Joseph Palermo: The amazing thing about Mr. Smith’s decision to break the code of omertà at Goldman was the fact that an employee existed there at all who was still capable of making a moral or ethical judgment and could even express something resembling remorse.
Tina Dupuy: Livestreamers now feel they’re holding the torch for truth but also nonviolence as a way to build a broad coalition movement. This means they get attacked online and threatened as part of their vocation. You know, just like real journalists.
Ellen Brown: As Aristotle told this ancient Greek tale, Midas died of hunger as a result of his vain prayer for the golden touch. Today, the Greek people are going hungry to protect a rigged $32 trillion Wall Street casino.
Peter Dreier: recent report sponsored by bank reform groups reveals that if banks lowered the principal balance on all underwater mortgages to their current market value, it would pump over $70 billion per year back into the economy.
Bill Leumer and Ann Robertson: The Occupy Wall Street movement drew the obvious conclusion: meaningful change will happen, not by endless waiting for the politicians to act, but by working people relying on themselves and acting collectively.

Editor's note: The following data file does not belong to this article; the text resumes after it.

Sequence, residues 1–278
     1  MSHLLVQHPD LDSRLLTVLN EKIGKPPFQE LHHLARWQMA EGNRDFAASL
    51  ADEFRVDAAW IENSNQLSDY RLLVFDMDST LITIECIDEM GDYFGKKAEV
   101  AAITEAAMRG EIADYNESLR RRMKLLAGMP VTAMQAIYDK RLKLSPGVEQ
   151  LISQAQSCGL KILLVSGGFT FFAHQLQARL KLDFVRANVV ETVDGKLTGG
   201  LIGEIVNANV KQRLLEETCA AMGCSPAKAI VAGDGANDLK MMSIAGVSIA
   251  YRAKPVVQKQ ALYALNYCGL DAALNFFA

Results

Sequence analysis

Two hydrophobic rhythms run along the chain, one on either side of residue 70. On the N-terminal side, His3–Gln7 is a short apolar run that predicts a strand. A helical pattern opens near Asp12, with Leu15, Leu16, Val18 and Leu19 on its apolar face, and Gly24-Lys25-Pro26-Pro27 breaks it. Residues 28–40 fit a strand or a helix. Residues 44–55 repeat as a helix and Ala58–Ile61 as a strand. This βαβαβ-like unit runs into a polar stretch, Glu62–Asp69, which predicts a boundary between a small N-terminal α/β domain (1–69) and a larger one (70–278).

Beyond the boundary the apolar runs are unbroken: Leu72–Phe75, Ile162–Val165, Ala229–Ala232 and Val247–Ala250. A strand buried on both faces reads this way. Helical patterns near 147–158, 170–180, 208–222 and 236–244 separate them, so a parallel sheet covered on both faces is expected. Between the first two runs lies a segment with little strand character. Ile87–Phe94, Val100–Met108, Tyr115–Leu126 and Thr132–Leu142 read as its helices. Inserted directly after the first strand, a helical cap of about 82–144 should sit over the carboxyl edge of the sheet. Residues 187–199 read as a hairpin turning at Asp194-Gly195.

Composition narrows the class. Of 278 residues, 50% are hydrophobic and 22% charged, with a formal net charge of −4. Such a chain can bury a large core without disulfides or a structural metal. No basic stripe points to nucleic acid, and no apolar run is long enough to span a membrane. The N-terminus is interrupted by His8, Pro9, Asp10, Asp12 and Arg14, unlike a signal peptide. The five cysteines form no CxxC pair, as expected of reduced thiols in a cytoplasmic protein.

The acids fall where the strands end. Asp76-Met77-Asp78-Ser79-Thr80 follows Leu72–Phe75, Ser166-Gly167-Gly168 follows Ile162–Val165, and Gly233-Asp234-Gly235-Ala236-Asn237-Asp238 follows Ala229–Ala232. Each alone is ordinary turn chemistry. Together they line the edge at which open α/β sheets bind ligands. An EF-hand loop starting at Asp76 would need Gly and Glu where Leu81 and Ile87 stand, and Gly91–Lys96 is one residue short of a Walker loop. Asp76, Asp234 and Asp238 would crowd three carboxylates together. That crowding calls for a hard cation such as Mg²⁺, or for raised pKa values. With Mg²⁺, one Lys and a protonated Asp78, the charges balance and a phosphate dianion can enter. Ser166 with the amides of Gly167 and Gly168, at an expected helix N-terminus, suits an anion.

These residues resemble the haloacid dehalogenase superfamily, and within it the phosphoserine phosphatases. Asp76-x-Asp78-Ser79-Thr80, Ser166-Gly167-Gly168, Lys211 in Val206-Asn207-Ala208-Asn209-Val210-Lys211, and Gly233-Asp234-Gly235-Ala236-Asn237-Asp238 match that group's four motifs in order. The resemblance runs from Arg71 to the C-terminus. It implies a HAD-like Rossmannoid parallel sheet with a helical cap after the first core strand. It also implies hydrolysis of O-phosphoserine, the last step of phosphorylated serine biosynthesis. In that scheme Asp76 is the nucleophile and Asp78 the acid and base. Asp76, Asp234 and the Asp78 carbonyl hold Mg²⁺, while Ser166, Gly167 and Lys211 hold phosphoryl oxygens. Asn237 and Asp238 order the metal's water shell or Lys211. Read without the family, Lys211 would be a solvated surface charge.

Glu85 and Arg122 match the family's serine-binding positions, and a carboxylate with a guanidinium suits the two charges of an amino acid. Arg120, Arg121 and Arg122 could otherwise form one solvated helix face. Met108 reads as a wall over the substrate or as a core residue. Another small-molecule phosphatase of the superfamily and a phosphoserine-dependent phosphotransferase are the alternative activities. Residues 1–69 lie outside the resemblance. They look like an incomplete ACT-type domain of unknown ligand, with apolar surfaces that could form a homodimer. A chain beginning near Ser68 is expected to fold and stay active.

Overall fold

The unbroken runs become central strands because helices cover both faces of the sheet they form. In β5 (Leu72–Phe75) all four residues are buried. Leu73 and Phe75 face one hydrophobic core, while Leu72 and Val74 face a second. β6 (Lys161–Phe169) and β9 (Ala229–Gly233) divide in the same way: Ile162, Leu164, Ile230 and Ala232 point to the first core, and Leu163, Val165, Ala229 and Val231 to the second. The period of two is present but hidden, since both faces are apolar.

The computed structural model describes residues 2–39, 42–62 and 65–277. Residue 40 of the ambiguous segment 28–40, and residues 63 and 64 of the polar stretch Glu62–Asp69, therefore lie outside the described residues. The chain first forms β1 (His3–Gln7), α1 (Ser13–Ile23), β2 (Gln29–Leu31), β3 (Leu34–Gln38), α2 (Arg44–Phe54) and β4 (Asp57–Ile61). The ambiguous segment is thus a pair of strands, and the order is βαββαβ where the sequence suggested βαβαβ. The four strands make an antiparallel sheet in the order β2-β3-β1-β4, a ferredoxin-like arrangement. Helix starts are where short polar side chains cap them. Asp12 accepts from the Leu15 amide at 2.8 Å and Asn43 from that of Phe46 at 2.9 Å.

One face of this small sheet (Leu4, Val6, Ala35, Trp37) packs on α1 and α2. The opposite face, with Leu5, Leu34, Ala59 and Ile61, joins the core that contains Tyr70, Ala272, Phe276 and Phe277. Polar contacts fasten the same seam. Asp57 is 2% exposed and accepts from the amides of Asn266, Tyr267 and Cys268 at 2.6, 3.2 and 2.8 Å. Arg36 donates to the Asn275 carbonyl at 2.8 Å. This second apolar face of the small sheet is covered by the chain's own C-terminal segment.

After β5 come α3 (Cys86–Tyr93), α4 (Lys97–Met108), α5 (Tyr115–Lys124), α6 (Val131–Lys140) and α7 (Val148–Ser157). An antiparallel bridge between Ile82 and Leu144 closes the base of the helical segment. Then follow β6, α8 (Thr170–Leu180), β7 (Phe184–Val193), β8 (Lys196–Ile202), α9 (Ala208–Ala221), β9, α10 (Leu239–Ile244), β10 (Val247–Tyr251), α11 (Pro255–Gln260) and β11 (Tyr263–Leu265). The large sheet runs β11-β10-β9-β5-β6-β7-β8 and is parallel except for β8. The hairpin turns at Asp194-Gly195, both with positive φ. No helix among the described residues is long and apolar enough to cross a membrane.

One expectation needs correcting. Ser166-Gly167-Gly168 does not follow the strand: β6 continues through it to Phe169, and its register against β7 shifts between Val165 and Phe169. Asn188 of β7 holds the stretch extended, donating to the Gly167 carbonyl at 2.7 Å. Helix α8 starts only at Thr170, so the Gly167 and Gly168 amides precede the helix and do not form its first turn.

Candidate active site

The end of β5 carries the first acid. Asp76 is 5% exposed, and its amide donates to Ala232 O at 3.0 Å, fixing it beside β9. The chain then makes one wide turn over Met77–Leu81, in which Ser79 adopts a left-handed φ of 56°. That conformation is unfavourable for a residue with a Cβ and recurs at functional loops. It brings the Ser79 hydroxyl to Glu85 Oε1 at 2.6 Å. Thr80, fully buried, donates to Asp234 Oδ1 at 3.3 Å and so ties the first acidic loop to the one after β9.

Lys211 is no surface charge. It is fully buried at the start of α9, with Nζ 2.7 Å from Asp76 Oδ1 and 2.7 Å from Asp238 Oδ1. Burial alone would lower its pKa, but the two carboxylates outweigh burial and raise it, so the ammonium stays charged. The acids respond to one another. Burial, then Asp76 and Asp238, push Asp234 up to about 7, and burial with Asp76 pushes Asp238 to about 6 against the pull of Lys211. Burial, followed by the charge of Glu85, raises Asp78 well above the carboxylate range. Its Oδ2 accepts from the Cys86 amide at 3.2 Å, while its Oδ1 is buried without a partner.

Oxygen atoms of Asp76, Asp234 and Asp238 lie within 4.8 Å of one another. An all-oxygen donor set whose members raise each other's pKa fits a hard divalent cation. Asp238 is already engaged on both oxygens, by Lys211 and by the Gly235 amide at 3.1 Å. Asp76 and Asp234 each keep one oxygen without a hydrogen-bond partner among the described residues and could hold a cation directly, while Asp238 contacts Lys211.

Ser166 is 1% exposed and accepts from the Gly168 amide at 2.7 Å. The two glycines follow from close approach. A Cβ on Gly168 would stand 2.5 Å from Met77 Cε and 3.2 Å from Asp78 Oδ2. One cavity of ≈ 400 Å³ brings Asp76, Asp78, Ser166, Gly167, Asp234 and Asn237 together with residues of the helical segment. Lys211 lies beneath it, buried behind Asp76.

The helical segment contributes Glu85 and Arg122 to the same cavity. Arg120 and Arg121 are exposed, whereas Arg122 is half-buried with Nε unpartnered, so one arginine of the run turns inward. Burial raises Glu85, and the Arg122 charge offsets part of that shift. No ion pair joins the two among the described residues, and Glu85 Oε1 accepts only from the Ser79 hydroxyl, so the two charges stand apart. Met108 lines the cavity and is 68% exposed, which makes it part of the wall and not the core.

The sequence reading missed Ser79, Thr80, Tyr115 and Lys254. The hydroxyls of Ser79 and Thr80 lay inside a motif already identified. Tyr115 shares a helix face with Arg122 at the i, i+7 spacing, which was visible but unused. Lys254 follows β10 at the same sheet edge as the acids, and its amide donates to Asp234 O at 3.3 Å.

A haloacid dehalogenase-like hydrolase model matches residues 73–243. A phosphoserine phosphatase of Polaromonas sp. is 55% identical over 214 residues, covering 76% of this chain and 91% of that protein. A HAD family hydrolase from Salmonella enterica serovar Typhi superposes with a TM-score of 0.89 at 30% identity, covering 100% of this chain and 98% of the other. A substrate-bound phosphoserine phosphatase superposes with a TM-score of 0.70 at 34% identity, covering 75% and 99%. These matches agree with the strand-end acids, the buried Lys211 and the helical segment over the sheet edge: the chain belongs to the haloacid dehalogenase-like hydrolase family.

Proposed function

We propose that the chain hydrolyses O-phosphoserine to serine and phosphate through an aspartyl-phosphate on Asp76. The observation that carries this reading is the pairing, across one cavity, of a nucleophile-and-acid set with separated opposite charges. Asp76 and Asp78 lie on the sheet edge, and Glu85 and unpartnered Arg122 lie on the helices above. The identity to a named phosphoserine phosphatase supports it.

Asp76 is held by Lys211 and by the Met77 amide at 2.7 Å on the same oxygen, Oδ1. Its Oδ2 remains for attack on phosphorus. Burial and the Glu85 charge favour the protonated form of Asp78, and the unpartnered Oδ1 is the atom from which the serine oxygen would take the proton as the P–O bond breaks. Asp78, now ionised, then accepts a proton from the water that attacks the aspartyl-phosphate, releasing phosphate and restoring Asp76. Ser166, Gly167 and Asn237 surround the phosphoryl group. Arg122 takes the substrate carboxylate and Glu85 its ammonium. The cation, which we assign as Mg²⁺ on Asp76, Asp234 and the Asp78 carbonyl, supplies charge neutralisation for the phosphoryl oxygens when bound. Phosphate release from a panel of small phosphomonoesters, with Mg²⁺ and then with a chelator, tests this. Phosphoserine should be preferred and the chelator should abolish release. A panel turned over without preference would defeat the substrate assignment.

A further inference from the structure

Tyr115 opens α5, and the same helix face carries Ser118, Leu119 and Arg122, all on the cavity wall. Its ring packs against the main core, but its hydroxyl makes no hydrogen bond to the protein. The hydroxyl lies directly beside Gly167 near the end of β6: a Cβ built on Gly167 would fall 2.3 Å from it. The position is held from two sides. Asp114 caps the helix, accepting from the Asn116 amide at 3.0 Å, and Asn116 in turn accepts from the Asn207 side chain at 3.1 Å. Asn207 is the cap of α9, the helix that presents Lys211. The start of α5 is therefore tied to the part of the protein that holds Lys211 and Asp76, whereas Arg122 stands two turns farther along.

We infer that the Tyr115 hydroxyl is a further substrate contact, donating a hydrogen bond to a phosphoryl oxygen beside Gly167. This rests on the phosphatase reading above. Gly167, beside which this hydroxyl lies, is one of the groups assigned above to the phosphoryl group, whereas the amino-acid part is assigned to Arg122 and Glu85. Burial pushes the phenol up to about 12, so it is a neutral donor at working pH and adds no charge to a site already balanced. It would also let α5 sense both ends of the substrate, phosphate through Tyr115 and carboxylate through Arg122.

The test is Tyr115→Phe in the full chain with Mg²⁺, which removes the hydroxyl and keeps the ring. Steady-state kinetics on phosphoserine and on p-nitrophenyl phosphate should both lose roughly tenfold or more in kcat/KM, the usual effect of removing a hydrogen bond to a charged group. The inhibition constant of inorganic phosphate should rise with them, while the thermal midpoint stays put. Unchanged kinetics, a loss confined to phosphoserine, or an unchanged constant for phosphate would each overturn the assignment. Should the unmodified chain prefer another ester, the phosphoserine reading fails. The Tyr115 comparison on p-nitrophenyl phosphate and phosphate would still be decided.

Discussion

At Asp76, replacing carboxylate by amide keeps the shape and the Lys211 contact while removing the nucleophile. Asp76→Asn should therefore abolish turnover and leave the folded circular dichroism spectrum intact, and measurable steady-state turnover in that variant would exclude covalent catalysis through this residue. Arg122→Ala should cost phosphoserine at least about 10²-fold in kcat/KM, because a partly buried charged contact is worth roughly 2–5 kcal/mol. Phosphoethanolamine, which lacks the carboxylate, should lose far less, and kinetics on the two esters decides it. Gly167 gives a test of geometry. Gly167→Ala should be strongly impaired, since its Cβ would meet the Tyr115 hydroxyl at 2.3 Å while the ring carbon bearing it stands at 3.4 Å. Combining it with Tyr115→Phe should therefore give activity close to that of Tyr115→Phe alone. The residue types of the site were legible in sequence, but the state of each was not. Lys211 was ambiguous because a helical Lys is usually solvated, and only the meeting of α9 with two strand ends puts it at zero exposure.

Lawrence Wittner: Contrasting the administration’s all-out effort to save Wall Street with its indifference to Main Street, many progressives wonder if they have gained anything worthwhile with Obama’s election.
Ellen Brown: The campaign to “move your money” has gotten a groundswell of support. Having greater impact would be to “move our money” — move our local government revenues out of Wall Street banks into our own publicly-owned banks.
Treva Brandon Scharf: Everyone should exercise their right to bare arms – just not in the state of Georgia though, where every Second Amendment nut job feels the need to show off their guns everywhere they go.
Elizabeth Nussbaumer: Offsets and the added profit from repurposed pollution perpetuate and further engrain the trend of polluting with impunity by using energy sources that only take us backwards in our need to address growing pollution debts.